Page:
Reformers are all about ‘outcomes’ and that’s why they love Success Academy charter schools. Year after year Success Academy students outperform the rest of the state on the 3-8 ELA and math tests.
For sure if there was a hospital out there that was claiming to have the ability to cure Cancer or something like that, there would be all kinds of independent investigations and different tests to see if their claims were for real. But when it comes to education, we don’t see this so much.
The oldest Success Academy students are now in 10th grade. They have had two different cohorts of 8th graders take the specialized high school test for admission into one of the 8 specialized New York City high schools. Amazingly, none of those students made it into any of the specialized schools. That is pretty unusual that a group of students does so well on one standardized test but does so poorly on another. Aside from knowing that none of their 8th graders made the cut score on that test, there are no other details about their specific scores.
But there are other tests those students have taken, namely the New York State Regents exams. Most advanced students take the Algebra I test in 8th grade and then various Regents in 9th grade, maybe Geometry and also a few others like Living Environment, Earth Science, and Global History.
I had not heard about how they fared on the Regents exams for the past two years so I went over to the revamped New York State data site. I went to the page for the school, Success Academy Harlem I, but could not locate the Regent scores. I did take notice of their enrollment by grade, however.
The first Success Academy cohort began as kindergarteners in 2006-2007 ago with 83 kindergarteners and 73 first graders. That group of 73 first graders had been whittled down to 26 ninth graders last year and who knows how many of those 26 are now tenth graders this year. So they have lost about 2/3 of them so far so we’d expect the Success survivors to be pretty strong academically.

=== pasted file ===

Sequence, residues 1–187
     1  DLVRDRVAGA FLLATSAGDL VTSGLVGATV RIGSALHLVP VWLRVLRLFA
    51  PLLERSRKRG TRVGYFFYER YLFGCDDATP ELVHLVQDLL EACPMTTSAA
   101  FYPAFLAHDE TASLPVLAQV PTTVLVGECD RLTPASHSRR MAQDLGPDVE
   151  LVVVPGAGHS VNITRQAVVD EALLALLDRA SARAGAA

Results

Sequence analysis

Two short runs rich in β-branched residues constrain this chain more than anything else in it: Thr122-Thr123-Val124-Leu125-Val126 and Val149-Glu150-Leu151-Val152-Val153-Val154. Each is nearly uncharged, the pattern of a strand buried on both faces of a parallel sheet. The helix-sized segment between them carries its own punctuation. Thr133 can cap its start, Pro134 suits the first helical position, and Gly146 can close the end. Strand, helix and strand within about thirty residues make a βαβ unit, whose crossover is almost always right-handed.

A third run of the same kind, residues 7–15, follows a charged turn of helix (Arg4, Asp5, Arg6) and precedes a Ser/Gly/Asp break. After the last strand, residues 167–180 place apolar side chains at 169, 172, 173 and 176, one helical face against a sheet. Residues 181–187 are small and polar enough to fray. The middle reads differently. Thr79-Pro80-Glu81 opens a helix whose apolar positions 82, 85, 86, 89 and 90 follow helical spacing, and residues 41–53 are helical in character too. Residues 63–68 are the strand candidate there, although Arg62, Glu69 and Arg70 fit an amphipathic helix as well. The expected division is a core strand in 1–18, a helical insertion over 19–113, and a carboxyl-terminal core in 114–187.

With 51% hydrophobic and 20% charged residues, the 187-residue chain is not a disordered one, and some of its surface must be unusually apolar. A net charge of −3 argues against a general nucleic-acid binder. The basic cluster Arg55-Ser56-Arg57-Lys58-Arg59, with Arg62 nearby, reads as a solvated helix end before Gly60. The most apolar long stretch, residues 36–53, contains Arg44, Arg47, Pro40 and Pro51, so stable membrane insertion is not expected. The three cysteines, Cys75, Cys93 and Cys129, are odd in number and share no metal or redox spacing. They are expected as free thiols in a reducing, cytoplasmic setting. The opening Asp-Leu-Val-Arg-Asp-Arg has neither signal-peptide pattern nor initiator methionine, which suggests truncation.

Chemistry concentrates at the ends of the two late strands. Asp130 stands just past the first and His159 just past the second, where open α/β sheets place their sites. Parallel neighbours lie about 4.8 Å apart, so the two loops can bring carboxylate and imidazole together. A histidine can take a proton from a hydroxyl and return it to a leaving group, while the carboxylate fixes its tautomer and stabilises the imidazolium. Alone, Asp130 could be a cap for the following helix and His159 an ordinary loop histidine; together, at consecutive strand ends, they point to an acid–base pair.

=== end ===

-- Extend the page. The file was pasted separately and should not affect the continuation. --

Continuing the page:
I did see the enrollment by grade for the 2013-2014 school year and compared it to the enrollment by grade for the 2014-2015 school year. For the 424 students that were in grades 4 through 8 in 2013-2014 only 369 students were in grades 5 through 9 in 2014-2015. This represents a net loss of 55 students or about 13% of the students. The biggest percent change was the 32 8th graders in 2013-2014 shrinking to 26 9th graders in 2014-2015, nearly 20% of their 8th graders not continuing in 9th grade.
When I couldn’t locate the Regents scores I inquired with the state data department. They responded back that the data from Success Academy was missing. I wrote back asking why the data was missing. Doesn’t Success Academy have to submit their Regents scores? The state data department said yes they do, but they didn’t. I then asked if they could ask Success Academy for the scores so they can be in compliance and so the data can be publicly posted along with everyone else’s Regents scores and the state data department said that they can’t help me anymore and that if I want the Regents scores from Success Academy, I should contact the school directly — something I’m not going to attempt for obvious reasons.
So there you have it, Success Academy playing by its own set of rules, not reporting its Regents scores. Considering charter schools get to mark their own Regents, unlike non-charters who have their Regents graded by teachers at other schools, and that they have so few students left, just 26 out of 73, I’d think that their Regents scores would be pretty decent. Then again, maybe they didn’t report those scores since it would make them look bad. Either way I think everyone would agree that they should be required to submit their Regents scores like every other school has to.